FIG. 1 is a side view of the ankle brace as it would appear while being worn with the shoe cut away for clarity.
FIG. 2 is a cross-sectional view taken along plane indicated at II--II in FIG. 1.
FIG. 3 is a partially cut-away view of the ankle brace as it would appear while being worn.
FIG. 4 is an overhead view of the pump with two inlet valves.
FIG. 5 is an overhead view of the pump.
FIG. 6 is a partially exploded view of the present invention.
FIG. 7 shows a cross sectional view of a flap type valve taken along plan 7--7 in FIG. 4.
FIG. 8 is a cross sectional view of a flap type valve taken along the plane VIII--VIII shown in FIG. 7.
With reference to FIGS. 1 and 6, the ankle brace of the present invention includes a pair of side supports 10 and 12 preferably made of vacuum molded plastic, having sufficient thickness and other properties so that they are relatively stiff or rigid; and they are shaped so as to fit about the lower leg and ankle and are at least eight inches in length. Inflatable bladders 20 and 21 (shown in FIGS. 2 and 3) are mounted on the side supports 10 and 12 on the side of the side support which faces in toward the leg. The inflatable bladders 20 and 21 can be attached to the side supports 10 and 12 by double-sided adhesive or any other suitable means. The inflatable bladders can be formed from two sheets of plastic heat-sealed along their edges to form an inflatable bag.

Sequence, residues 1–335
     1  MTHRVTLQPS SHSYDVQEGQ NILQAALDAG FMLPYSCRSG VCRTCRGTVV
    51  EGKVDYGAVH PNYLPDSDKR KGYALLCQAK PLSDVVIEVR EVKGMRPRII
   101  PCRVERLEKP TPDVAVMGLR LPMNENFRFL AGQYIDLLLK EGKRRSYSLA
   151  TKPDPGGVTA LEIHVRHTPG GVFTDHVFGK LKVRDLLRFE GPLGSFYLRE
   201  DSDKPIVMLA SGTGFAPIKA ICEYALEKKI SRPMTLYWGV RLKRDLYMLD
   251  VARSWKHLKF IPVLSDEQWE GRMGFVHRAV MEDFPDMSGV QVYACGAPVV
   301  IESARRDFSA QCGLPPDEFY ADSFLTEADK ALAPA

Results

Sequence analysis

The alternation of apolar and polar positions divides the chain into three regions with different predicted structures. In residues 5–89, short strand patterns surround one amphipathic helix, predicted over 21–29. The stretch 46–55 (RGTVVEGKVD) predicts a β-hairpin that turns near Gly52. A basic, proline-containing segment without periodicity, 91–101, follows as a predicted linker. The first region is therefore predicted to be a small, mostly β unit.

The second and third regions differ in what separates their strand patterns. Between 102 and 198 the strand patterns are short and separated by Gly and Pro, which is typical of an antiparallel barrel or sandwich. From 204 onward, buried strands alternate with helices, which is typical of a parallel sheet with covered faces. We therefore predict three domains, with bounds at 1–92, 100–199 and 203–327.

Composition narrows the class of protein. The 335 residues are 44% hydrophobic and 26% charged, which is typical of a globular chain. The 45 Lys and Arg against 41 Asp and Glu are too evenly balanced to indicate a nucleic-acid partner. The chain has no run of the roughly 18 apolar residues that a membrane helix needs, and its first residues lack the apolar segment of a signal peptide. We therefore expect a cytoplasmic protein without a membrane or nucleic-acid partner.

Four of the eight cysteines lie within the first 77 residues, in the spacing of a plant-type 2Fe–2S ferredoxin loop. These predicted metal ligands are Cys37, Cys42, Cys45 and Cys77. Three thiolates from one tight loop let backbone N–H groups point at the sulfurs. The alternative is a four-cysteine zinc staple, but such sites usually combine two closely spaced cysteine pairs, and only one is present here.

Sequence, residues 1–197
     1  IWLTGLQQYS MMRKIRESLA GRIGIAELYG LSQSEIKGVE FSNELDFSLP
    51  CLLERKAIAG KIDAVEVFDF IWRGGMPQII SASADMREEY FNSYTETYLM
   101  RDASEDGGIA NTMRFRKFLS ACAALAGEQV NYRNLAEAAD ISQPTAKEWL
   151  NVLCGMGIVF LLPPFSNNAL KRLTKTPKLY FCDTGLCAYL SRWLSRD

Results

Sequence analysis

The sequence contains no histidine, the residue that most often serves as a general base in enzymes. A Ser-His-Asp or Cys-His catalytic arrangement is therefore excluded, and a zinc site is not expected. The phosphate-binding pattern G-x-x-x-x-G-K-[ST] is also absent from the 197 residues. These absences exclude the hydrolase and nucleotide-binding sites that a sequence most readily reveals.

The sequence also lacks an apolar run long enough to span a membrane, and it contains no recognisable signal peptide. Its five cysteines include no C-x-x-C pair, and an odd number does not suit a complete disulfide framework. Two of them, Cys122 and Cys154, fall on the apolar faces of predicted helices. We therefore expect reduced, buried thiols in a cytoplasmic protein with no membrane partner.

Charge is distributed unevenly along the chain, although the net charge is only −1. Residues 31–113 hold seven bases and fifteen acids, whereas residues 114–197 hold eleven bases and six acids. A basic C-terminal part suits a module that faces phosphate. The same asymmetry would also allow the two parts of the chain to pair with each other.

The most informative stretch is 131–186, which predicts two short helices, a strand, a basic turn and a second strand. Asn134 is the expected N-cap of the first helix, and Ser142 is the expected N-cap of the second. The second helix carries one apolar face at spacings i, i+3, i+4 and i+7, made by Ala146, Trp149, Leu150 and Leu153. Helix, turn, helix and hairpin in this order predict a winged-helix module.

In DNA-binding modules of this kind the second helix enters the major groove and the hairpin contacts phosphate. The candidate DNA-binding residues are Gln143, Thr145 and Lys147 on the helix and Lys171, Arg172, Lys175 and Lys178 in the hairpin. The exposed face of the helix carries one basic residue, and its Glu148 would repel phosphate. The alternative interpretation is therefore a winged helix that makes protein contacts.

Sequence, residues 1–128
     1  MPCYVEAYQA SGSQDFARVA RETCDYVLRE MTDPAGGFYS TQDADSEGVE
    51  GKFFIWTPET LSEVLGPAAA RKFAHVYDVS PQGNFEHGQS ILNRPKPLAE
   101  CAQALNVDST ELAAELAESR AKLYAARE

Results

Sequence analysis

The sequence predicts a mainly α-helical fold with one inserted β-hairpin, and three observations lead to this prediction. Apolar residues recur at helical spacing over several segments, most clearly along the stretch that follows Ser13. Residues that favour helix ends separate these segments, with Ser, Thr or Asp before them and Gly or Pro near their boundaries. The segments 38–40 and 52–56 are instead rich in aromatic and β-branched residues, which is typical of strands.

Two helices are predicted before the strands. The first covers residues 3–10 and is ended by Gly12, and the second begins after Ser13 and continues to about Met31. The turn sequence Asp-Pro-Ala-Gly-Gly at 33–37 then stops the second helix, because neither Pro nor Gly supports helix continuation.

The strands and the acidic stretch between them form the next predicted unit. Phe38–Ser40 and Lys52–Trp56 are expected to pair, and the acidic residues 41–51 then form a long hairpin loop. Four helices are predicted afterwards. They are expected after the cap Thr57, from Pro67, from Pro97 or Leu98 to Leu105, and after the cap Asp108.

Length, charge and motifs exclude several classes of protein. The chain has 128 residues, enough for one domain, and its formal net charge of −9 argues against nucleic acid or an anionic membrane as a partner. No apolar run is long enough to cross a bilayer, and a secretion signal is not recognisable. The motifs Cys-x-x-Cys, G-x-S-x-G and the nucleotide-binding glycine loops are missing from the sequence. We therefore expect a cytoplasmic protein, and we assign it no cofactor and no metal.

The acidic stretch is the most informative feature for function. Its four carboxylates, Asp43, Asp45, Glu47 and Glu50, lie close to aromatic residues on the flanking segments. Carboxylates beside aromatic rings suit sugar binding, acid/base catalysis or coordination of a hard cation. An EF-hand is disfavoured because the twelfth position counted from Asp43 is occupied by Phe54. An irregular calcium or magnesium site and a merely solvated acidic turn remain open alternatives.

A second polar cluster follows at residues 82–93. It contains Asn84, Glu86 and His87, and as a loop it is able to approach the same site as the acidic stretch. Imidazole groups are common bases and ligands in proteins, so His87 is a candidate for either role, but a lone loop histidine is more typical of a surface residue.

The side supports may be securely attached around the leg and ankle using the two securing straps 31 and 32 as shown in the cross-sectional view of FIG. 2 and the cut-away view of FIG. 3. These straps also include velcro portions on their outside surfaces as shown by velcro material 33 and with velcro material 34 at the end portion of the straps. The velcro 34 is attached to the side support 10. As shown in FIGS. 1 and 2, the straps may be tightly drawn around the leg and secured using the velcro material so that the ankle brace securely and firmly supports the ankle.